– Having to rely on protein and fat for energy presents two problems for athletes – 1) They are slower to be turned into energy, and 2) They require oxygen to be used as energy.
– This means that fat and protein cannot supply energy to the muscles as fast as carbohydrates, and the athlete must be working at a low enough intensity to be able to use fat and protein as energy.
– Put the two together and we get an athlete who can only work at about 75% intensity. Sprinting? Forget about it. Jogging is as fast as that athlete is going to move.
With this logic its easy to see why hockey adopted this practice. It makes sense…… on paper.
Thing is, hockey is nothing like endurance sports, and most hockey players are not going to see over 25 minutes of ice time in any given night. Sure, goalies play an entire game, but how often is a goalie moving constantly for a full three periods? Even if they were, high school games only last 51 minutes, and college and pro games end after 60. Factor in the period breaks and there is no possible way that a hockey player is constantly moving for over one hour.
So, does a hockey player need to carbo-load? No.
Carbo-loading could potentially be detrimental to a hockey player’s performance. Quick science lesson #2: Carbohydrates draw water. When carbohydrates are ingested and stored, water is stored as well. Water being stored is not necessarily bad; we need to be hydrated to play well. Unfortunately for us water is heavy. With large amounts of carbohydrates being consumed (say, during a pasta feed) and the resulting large amounts of water being stored, our body weight increases. A player who is heavier because they are full of water is going to be a slower player, and a slower player is a less effective player.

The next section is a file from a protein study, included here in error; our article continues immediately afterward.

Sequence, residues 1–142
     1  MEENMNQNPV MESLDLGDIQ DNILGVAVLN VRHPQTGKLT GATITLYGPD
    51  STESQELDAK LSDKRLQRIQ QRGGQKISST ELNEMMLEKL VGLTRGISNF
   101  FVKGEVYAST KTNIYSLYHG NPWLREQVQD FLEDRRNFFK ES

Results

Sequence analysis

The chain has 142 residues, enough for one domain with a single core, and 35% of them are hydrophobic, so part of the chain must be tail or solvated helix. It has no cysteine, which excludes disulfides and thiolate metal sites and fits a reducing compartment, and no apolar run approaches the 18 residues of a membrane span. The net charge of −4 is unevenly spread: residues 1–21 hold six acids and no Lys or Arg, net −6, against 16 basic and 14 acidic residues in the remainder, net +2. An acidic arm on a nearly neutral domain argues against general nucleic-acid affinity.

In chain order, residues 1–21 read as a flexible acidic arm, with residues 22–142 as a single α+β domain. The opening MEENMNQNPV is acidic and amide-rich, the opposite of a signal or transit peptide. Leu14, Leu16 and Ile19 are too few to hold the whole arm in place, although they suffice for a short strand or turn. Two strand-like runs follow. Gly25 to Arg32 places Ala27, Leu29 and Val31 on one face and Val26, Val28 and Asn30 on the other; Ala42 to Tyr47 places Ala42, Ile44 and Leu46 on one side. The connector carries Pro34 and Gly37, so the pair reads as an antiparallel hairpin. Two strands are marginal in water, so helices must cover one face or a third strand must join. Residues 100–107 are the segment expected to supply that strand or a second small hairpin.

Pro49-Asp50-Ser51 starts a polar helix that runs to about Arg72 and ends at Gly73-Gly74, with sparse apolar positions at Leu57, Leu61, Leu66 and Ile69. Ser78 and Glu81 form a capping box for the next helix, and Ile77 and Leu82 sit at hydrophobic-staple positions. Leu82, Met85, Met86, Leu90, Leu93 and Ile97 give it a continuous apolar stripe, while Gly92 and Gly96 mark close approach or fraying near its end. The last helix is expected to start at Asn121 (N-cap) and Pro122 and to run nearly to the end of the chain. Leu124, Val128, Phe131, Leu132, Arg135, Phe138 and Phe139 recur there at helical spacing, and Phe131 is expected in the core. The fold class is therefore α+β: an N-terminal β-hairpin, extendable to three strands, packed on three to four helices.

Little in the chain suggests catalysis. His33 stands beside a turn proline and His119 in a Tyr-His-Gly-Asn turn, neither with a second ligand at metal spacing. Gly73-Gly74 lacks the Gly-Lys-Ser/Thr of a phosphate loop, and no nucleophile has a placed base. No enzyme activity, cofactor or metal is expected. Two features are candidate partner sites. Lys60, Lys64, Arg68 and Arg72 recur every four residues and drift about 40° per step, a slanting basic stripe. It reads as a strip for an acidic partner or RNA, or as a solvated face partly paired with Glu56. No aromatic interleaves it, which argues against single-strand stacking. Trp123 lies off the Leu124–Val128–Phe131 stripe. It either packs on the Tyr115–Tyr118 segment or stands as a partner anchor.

Update on carbo-loading: The scene of carbo-loading is changing. Information has come out recently on a better way to carbo-load. The New York Times wrote an article on this new carbo-loading technique, and in it they reference a study that came out of the University of Minnesota (represent!). Read it here if you want. Again, this was tested on marathon runners, not hockey players.
Coming back to our question – What is really being achieved at a pasta feed?
Camaraderie. Community. Chemistry. Pasta feeds are great for building team chemistry. They present a time where the team can come together outside of the rink and get to know each other even better. Teams are built away from the rink, and successful teams are close teams. Successful teams play for each other, and they share a sense of camaraderie, community, and chemistry.
Think about these things at your next pasta feed. I’m not saying you need to starve yourself, but maybe reconsider before you go for your fifth plate of rigatoni. Maybe talk to a teammate you don’t know as well as you’d like to. Maybe stay a little longer. Enjoy your time there and build the sense of community with your team. The closest teams are successful teams, and they are also the most fun teams.